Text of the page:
It is amazing the power of mythology over logic -- mythology which people can accept and believe regardless of all facts and evidence to the contrary, mythology about who they are, where they live, what their history is. It seems to me that no industrial nation suffers more under the weight of its own myths than the United States. I remember as a child how in school each morning we would have to repeat a pledge to the American flag, and we heard again and again how great, wealthy, and democratic the United States is. These things were told as eternal truths, and never questioned, while we simultaneously learned about the scientific method and the importance of factual assessment and logical analysis. I would like to expose some of these myths in simple terms.
It seems to me that the general consensus, at least from Americans themselves, is false. Most Americans I know are of the opinion that the United States is the greatest country in the world, the richest, the most democratic, a great force of good in the world. It is the world’s leading country in progressive thinking. It is a generous country that gives so much to poor countries. All of these statements are false.
While the United States is certainly among the richest nations on earth, in terms of material wealth, the standard of living is not amongst the top. The richest countries in terms of per capita income are Luxembourg and Norway. In terms of natural resources, Russia is the undisputed champion. In terms of the quality of life, we must also consider the following facts about the United States. Its citizens are the only Western people who are not guaranteed some sort of health coverage. In fact, more than 45 million Americans have no health insurance, according to the U.S. Census Bureau (see also Washington Post, 27 Aug 2004, p. A01). Not surprisingly, then, the United States has the highest infant mortality rate of any Western country, ranking 28th in the world. Similarly, it has the lowest life expectancy of any Western country, ranking 24th in the world, according to the World Health Organization. The United States has the highest percentage of its population living in poverty (of industrialized nations), according to the United Nations Human Development Index. The U.S. Census Bureau has reported that in 2003, the percentage of Americans living in poverty rose to 13.5%. That’s 35 million people living in poverty in the country the Americans call the world’s richest! Low life expectancy, high infant mortality, tens of millions living in poverty and without health insurance. These are not exactly the hallmarks of a wealthy nation. Such is the power of myth.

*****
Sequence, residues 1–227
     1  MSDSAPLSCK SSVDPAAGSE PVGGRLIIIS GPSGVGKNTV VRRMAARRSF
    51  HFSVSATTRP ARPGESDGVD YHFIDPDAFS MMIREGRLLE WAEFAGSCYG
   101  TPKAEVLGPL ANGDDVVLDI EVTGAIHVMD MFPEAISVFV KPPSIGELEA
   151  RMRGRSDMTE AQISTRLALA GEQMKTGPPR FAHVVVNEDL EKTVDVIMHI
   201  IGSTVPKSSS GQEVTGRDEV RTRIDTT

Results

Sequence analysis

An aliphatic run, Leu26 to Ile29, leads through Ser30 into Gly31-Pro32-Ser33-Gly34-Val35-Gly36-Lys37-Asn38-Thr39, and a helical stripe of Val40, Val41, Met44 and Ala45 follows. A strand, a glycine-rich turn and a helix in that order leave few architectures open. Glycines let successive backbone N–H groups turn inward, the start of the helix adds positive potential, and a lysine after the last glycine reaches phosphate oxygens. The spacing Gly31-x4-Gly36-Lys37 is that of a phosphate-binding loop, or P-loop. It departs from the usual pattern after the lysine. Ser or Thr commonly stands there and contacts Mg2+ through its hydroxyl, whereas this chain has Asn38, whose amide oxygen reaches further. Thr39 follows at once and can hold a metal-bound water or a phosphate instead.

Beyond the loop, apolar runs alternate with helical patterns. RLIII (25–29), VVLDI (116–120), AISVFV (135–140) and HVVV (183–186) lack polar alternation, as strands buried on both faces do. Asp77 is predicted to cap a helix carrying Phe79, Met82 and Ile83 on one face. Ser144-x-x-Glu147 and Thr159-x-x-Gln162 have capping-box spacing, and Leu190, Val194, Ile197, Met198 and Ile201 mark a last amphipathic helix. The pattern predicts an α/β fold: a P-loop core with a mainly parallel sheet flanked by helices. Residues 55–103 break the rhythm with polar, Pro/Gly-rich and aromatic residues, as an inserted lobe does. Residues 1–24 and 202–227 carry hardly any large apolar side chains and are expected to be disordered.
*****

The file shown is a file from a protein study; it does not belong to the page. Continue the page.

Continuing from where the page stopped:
Similarly, in terms of generosity, the United States again misses the mark wildly. While most Americans would characterize their country as generous, in 1998 it ranked lower than any other industrialized nation in giving development aid to poor countries (as a percentage of GNP), according to the OECD Report. It should be noted here, that one third of the American foreign aid budget goes to Israel. A 2002 index shows no improvement: the United States lands again squarely in last place both in terms of per capita private and government aid to poor countries (Center for Global Development and Carnegie Endowment for International Peace. From “Ranking the Rich,” Foreign Policy, May/June 2004). So much for the generosity of the world’s “richest” country.